New measurement science and industry standards are needed to enable building systems and consumers to interact with a future "smart grid," which supports the national goal to modernize the electric system by making it more robust and reliable. In the United States, commercial and residential buildings consume 72 % of all electricity. As building-scale renewable energy systems become more common, buildings will increasingly become generators of electricity as well as consumers. Future electric vehicles will be charged through plug-in connections managed by home and building automation systems. Utility-scale renewable generation systems will require responsive loads to match the fluctuations caused by varying wind and solar conditions. Consumers will need access to their own energy consumption data to make informed decisions about their energy consuming habits. For all these reasons, integration of building systems with the grid is a critical part of the stability and success of the smart grid.
Objective -To develop the measurement science for industry standards that will enable interconnection of home and building automation and control systems with a future "smart" utility grid, provide consumers with energy usage information, and support industry efforts to develop the needed standards.
What is the new technical idea? The new technical idea is to integrate homes and buildings into the next generation "smart grid" by developing the technical basis for standards governing real-time pricing, distributed energy resources (DER) (including demand response (DR), distributed generation, and energy storage), electric vehicle charging control, and consumer access to energy usage information. This project will develop information models, data representation methods, and communication protocols to enable these activities, working with industry stakeholders to analyze use cases and develop approaches that can be adopted through consensus standards. In addition, this project will perform research into novel facility control methodologies based on DER availability, electricity price, and local markets, with testing in a simulation environment, in the NIST Virtual Cybernetic Building Testbed (VCBT), and in the NIST Net Zero Energy Residential Test Facility (NZERF).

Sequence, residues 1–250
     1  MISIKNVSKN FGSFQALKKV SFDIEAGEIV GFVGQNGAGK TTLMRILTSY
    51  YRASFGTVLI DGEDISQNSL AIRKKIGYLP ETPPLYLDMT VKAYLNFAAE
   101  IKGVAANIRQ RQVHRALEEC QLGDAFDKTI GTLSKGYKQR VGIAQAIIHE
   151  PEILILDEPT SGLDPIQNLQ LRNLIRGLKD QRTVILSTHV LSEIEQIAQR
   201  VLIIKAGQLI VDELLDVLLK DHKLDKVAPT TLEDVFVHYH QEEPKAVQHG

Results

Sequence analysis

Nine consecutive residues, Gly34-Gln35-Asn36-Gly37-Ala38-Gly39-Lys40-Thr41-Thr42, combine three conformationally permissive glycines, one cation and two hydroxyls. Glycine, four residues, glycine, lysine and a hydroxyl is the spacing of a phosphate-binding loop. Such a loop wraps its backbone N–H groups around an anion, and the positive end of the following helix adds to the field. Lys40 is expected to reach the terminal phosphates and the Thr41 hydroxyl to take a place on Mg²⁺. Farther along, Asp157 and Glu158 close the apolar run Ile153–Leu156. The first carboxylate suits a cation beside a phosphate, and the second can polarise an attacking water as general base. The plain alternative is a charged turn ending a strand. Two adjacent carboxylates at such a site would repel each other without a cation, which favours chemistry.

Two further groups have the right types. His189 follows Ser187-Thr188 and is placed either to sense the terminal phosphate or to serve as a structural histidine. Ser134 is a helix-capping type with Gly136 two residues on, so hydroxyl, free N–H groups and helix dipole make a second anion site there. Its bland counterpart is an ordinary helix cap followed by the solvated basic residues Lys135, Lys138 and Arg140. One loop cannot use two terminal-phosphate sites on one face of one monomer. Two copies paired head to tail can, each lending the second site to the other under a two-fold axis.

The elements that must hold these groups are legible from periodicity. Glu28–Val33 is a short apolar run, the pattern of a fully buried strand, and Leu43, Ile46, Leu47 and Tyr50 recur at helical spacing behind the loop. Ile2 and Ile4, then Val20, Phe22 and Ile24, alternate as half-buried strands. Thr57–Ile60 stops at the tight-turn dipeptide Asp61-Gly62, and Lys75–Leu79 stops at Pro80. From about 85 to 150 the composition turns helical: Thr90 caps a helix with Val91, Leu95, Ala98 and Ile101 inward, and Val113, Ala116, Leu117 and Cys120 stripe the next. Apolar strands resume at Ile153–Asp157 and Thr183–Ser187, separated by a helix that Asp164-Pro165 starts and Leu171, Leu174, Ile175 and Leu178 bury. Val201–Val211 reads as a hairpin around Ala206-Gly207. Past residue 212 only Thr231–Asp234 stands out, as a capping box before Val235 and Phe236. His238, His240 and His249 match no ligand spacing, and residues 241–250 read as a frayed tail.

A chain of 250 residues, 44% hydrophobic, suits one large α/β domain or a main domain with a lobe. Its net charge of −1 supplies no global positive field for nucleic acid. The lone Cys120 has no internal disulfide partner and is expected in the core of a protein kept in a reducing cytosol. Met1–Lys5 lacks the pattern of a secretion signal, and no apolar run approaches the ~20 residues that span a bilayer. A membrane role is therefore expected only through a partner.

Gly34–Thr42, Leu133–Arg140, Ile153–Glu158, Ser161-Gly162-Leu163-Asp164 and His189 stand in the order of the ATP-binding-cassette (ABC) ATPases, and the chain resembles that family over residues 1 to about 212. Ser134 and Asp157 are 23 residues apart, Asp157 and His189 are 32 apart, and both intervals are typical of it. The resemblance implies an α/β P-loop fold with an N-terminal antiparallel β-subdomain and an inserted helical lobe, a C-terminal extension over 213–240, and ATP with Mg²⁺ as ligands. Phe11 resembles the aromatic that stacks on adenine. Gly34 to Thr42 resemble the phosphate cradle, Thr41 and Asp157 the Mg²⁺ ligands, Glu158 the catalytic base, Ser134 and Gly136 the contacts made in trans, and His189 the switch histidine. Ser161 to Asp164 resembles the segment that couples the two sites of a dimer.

What is the research plan? This project addresses communications, interoperability, and control approaches for residential, commercial, institutional and industrial buildings via three research components: (1) information model development to enable data exchange within building systems and between buildings and the smart grid, (2) building controls research for optimal response to dynamic pricing and demand management signals in commercial and residential buildings, and (3) simulation and testing in the Virtual Cybernetic Building Testbed and Net-Zero Energy Residential Test Facility. EL collaborates with industry stakeholders in the Smart Grid Interoperability Panel (SGIP) to identify interoperability standard gaps and research needs.
The information modeling effort includes definition of the building-to-grid communications interface, identifying key information elements needed for grid-to-facility communications, and development of priority facility interface standards as identified in the NIST Framework. These include price, demand response, energy usage and load, and communications for distributed energy resources (generation and storage) including load forecasting.
This work is resulting in Information modeling standards:
The building controls research component will develop load and generation prediction algorithms, and DR optimization strategies for residential and commercial building interaction with the smart grid. These algorithms will take into account: DR signals; future electricity price, weather and occupancy information; availability of renewable energy (including storage); and user inputs.
In parallel with the other activities, the simulation and testing component will utilize unique NIST laboratory facilities (the VCBT and NZERTF) to test and demonstrate success of the information models and control strategies, and provide input into building codes and standards.
EL will also support the broader NIST smart grid program, providing technical direction and leadership within the SGIP on issues related to building interactions with the smart grid. EL will also provide leadership within the ASHRAE BACnet, ASHRAE Facility Smart Grid Information Model, OASIS Energy Interoperation, and International Electrotechnical Commission (IEC) Project Committee (PC) 118 committees to advance these standards.
Potential Technology Transfer Impacts: